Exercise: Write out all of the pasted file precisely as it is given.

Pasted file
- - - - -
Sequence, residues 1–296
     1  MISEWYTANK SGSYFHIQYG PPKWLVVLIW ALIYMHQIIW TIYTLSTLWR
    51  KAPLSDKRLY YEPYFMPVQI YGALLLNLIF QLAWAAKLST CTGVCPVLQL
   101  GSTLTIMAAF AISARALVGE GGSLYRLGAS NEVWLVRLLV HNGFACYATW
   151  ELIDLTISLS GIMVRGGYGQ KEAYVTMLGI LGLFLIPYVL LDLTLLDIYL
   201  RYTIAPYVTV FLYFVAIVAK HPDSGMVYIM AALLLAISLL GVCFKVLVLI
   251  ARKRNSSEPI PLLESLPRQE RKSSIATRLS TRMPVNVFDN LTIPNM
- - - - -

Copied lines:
Sequence, residues 1–296
     1  MISEWYTANK SGSYFHIQYG PPKWLVVLIW ALIYMHQIIW TIYTLSTLWR
    51  KAPLSDKRLY YEPYFMPVQI YGALLLNLIF QLAWAAKLST CTGVCPVLQL
   101  GSTLTIMAAF AISARALVGE GGSLYRLGAS NEVWLVRLLV HNGFACYATW
   151  ELIDLTISLS GIMVRGGYGQ KEAYVTMLGI LGLFLIPYVL LDLTLLDIYL
   201  RYTIAPYVTV FLYFVAIVAK HPDSGMVYIM AALLLAISLL GVCFKVLVLI
   251  ARKRNSSEPI PLLESLPRQE RKSSIATRLS TRMPVNVFDN LTIPNM